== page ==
For many in our community, December is a festive time of the year. Santa Claus is at every mall to greet children who eagerly want to tell him about how they’ve been extra nice and what they would like in return. Salvation Army bell ringers are all around collecting donations. People also make happy campers out of the electric company as they put up extravagant light shows and the city themselves will even put lights on all the trees.
Dan Cunliffe Jr. wanted to join the festivities and spread the Christmas spirit. The city governments for Lewiston and Auburn said otherwise.
The issue at hand was a few sets of Christmas lights around the Lewiston-Auburn area that said “Republic” with a diamond, bordered by various Christmas images such as a Christmas Tree.
Cunliffe is also the owner of Republic Jewelry and Collectibles, a local business that specializes in jewelry and collectibles ranging from sports to Beanie Babies, and even a few popular gaming favorites, such as Pokemon to Magic: The Gathering.
This is where the city governments took issue: they said it was off-site advertising.
This also included his own personal property, which the City is attempting to dictate what he can do for decorations on.
The Sun Journal spoke with officials in both cities. Auburn code enforcement officer Zack Lehnert stated, “The word ‘Republic,’ that’s pretty clear-cut advertising and we’re asking that to come down. The diamond is a decoration, similar to the deer or the dancing lights people put out. We don’t regulate that. But the advertising needs to be removed. And if he wants to leave it up on his property, he’ll need a sign permit.” Lewiston City Planner David Hedgier added, “I would say it’s off-premise advertising,” Hediger said. “I would say he could leave one part up, either the ‘Republic’ or the diamond. But not both.”
This is where things become confusing.
In speaking with Cunliffe, he made it clear that if it was indeed the law, he would comply. His wish to spread Christmas spirit isn‘t a political statement or crusade against government regulation, he just wants to say “Merry Christmas” to the community.
But how does one comply with mixed signals?
Auburn has taken the positions that “Republic” is advertising, whereas Lewiston implies its not the word itself but the combination with the diamond that crosses the line.
Well, which is it? If it’s the law, it should be uniform and as Zack Lehnert stated, “clear-cut.” It clearly is not and the area governments are attempting to enforce individual interpretations of the law as opposed to the letter of the law itself.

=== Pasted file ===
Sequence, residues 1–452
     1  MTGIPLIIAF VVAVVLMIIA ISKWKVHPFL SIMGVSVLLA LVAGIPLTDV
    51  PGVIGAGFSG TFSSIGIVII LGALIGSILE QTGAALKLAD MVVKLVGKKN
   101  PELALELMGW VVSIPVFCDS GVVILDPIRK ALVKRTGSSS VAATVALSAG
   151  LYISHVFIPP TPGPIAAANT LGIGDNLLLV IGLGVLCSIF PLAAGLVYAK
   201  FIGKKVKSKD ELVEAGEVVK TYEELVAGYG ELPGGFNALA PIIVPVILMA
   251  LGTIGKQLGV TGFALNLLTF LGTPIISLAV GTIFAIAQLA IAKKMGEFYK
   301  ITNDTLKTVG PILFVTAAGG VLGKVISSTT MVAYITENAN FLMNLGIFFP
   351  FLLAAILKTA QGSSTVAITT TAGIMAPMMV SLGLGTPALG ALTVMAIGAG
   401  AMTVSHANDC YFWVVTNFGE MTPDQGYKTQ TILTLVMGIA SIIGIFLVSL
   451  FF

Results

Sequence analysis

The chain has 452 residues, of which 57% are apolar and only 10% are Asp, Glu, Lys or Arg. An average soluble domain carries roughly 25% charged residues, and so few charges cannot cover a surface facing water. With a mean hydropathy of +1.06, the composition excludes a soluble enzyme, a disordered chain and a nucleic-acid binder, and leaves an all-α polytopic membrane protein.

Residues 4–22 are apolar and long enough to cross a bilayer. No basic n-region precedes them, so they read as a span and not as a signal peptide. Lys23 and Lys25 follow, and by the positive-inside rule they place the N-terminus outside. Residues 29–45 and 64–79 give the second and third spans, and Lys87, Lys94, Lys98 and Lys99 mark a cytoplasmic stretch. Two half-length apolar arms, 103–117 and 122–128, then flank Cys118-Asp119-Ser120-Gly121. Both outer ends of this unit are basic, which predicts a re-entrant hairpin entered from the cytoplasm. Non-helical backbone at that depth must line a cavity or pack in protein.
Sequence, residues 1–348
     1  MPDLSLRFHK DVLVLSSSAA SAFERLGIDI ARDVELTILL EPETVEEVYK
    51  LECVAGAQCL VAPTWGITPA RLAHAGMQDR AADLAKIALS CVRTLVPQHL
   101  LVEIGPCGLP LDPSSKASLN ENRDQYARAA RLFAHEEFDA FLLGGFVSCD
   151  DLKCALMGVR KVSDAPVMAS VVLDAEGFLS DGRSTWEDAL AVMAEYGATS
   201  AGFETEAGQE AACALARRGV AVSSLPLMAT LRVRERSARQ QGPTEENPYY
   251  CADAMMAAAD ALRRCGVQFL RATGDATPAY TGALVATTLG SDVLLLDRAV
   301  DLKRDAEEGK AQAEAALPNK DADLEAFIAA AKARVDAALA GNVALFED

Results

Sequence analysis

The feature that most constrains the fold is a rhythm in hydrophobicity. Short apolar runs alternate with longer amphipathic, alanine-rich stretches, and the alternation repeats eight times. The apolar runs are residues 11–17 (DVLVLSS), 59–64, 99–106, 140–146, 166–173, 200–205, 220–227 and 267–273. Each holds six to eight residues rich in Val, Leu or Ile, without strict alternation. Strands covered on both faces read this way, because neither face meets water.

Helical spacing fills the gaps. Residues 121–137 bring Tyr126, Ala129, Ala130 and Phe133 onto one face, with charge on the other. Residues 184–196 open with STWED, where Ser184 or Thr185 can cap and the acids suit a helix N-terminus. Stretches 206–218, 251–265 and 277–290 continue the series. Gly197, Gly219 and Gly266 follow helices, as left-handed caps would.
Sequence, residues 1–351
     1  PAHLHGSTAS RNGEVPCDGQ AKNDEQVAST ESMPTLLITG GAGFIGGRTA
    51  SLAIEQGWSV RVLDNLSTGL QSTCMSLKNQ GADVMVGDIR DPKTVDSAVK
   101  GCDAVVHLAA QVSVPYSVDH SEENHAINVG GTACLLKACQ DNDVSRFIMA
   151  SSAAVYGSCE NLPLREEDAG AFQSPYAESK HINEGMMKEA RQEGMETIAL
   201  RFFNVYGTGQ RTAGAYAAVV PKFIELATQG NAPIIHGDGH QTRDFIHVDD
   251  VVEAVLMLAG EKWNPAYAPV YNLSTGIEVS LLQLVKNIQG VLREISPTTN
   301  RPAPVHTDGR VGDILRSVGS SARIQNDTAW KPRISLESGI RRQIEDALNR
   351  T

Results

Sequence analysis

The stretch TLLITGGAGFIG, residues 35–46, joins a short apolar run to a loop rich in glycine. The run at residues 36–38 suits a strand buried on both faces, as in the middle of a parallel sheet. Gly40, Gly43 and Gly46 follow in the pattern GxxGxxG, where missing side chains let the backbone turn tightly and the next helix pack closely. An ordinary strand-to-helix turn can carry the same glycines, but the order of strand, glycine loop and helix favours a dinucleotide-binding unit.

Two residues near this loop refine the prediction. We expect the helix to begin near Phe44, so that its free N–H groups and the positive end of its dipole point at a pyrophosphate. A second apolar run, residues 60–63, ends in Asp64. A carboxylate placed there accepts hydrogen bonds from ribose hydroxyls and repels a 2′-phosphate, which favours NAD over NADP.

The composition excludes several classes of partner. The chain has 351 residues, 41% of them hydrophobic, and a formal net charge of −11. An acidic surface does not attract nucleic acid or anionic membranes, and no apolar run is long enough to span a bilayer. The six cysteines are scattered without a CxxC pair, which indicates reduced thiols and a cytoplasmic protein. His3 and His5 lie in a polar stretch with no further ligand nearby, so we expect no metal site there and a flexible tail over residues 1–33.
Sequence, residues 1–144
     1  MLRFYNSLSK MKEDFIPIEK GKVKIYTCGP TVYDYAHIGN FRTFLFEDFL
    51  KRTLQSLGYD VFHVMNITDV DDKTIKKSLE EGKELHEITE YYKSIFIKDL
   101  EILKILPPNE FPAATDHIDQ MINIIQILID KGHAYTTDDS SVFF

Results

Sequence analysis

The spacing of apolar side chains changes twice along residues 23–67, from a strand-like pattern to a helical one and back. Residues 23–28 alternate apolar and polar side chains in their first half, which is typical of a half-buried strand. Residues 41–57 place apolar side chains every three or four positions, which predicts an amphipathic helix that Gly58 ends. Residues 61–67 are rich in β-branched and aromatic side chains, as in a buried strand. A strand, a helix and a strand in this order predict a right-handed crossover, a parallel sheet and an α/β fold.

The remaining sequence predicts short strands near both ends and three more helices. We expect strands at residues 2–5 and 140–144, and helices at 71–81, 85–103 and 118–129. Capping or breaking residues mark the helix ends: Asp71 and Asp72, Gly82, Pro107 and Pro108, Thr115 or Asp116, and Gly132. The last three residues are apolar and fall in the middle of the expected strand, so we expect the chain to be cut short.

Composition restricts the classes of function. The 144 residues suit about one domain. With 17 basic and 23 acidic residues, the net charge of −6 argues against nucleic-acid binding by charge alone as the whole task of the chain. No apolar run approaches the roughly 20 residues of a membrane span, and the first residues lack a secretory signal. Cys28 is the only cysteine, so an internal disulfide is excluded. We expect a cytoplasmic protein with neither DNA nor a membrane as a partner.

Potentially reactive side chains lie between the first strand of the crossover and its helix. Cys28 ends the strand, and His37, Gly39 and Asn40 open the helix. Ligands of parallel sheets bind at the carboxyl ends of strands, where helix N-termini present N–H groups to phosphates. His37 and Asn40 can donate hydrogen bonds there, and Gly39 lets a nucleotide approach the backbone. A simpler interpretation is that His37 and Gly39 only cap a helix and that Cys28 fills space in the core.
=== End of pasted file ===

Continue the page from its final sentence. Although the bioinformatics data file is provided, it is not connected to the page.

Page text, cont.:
Cunliffe just wanted to say Merry Christmas to the community. The entire display was supposed to say “Merry Christmas from Republic”, although the entire display was not ready after Thanksgiving when he joined others in the community in putting up Christmas decorations and lights.
The community has had an overwhelmingly positive response, ranging from customers to online commenters. It is a beautifully festive display that adds to the character of the community, which is full of people who put up various Christmas light displays.
Even Auburn Mayor Jonathan LaBonte has voiced his support. In a Facebook post, while noting he‘s expressed his concerns to his staff over the regulations, stated “I’m standing with Dan and his commitment to add to these signs and spread some cheer during this season.”
It would then make sense that it was another store that complained, attempting to use a clearly undefined regulation to ruin Christmas cheer. It wasn’t the community, which largely seems to have joined Mayor LaBonte in rallying around Cunliffe, but instead another business.
At this point, Cunliffe stated the city governments are waiting to hear back from the State regarding final word on the legality of the displays. Until then, the signs remain in an effort to spread some holiday cheer this Christmas season.
Is Merry Christmas advertising? Sure. It‘s advertising the cause of holiday cheer and festive joy. In a world of fear and unrest, having that one special time of year where we can smile and spread happiness is important. Cunliffe is only guilty of wanting to be apart of that.